11. What other person would get the street where their employer is located at named after them a good five years before they actually retired? Let alone a piece of legislation, the aforementioned "Goddard's Law" that reformed animal cruelty laws? I know "legend" gets tossed quite a bit, but Dick really and truly was a living legend. His co-workers, his competition and everyday viewers all knew it. His "final forecast" in November 2016 was a total formality—injuries from a fall he suffered at an APL telethon he emceed a few months earlier accelerated his frailities, and effectively forced his retirement already—but it didn't stop WJW from completely, and I mean completely, blowing out their 6pm newscast that night in celebration of the man. Bill Shiel's obituary package for Dick had that same emotional punch Bob Mayer's obit for Ralph Renick did in 1991. Like Bob, Shiel had time to prepare for it... not just by several months, but by years and years.
  12. I think it's safe to say that Stan Chambers has that nailed down, he was at KTLA from 1947 to 2010. In terms of radio and TV, Luther Masingill worked for WDEF (now WXCT) and WDEF-FM in one long continuous run from 1940 to 2014; this also included time at WDEF-TV when channel 12 was under common ownership. Bob Chase worked at WOWO Fort Wayne for nearly six decades but was the lead play-by-play man for Fort Wayne Komets hockey on WOWO from 1953 to 2016. That's Vin Scully territory. These should not diminish Dick's lengthy list of achievements and on-air tenure with one station, but burnish them. I liken Dick to a Ralph Renick or Bill Bonds, someone so influential and iconic that they redefined their position. Dick was one of the first, if not THE first, weather presenters who knew of what he spoke and was certified in it. He literally paved the way for other legendary mets like James Spann, Bryan Norcross, Tom Freaking Skilling and one-time market competitor Al Roker.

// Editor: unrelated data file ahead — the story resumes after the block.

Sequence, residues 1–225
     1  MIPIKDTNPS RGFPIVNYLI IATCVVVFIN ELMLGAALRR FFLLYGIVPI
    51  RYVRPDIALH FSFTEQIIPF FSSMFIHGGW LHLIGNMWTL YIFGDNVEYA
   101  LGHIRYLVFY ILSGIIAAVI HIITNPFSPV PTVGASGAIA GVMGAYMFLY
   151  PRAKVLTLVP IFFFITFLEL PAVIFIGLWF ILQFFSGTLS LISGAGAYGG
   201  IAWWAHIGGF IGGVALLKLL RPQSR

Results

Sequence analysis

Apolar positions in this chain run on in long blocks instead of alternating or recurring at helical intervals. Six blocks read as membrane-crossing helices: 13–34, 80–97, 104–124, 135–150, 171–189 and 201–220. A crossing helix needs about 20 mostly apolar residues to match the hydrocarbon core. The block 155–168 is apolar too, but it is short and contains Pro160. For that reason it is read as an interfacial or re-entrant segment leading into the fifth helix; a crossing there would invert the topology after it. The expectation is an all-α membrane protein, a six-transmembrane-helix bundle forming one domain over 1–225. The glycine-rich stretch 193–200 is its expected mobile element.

13. It's a rip-off of the 1970s-era Meredith "5".
  14. So I was rewatching an old clip from 1987 about Ed Ansin challenging the sale of WTVJ to NBC... and something dawned on me. Note the scenes in which he's interviewed in his office, which was apparently the quietest room at the studio complex. ...it never changed.
  15. More than that, actually. See, Rupert made his mark in the UK and his native Australia with gloriously sensational tabloids. Even when he took over the New York Post, he put his stamp on that paper in a hurry ("Headless Body in Topless Bar") and was poised to do the same in Chicago and Boston. Which brings us to the Metromedia Five: WNYW, WTTG, KRIV, KTTV and even WFLD. Outside of shared logo stylings and the "network + channel number" brandings, not much had changed at that core group since the sale beyond a stateside import of A Current Affair with WTTG's Maury Povich. (WFLD had no news department until 1987 but at launch was set up very much like the other Metromedia stations had been.) None of them ran news in the early evening hours, and (as mentioned earlier) WNYW launched Good Day NY, which was not dissimilar to WEWS's Morning Exchange and WCVB's Good Day! was in creating GMA... a traditional morning show with news updates, light conversation and fluff. Some glitz crept in but Rupert ran them as traditional as you could get. No one thought of doing a rolling hard news block from 6am-9am. Pure folly. Ed Ansin, Bob Leider and Joel Cheatwood basically took the Rupert model of flash and splash in his UK tabloids and New York Post and transferred it to WSVN. It wasn't just that it was news-intensive, it was outrageous, in-your-face and smacking you upside the head. While WTVJ was emulating the Michael Mann glitz and glamour era of Miami Vice with the John Fox Art Deco-esque set and graphics, WSVN went all in with the Dick Wolf nihilism era of Miami Vice. It not only was unlike anything the industry had ever seen, it was such a massive departure from the staid, conservative image WSVN had prior to the summer of 1988; in many ways, they were still seen up to then as "that Wayne Farris station." Ironically, the success of WSVN precipitated the New World group into going all-in on news. Even Virgil Dominic, who loathed at WJW being called "Fox 8" led an investment into the Newscenter 8 ops and launched an ill-fated local morning show, Good Day Cleveland, that ultimately led to WJW becoming an unstoppable dynamo in mornings. HulkieD is right in classifying WSVN as "the first true Fox affiliate." I'll go one further. WSVN was the station Rupert wanted to run but never did. And probably never will. But that's okay, because Ed pulled it off in a way Rupert never could have dreamed of.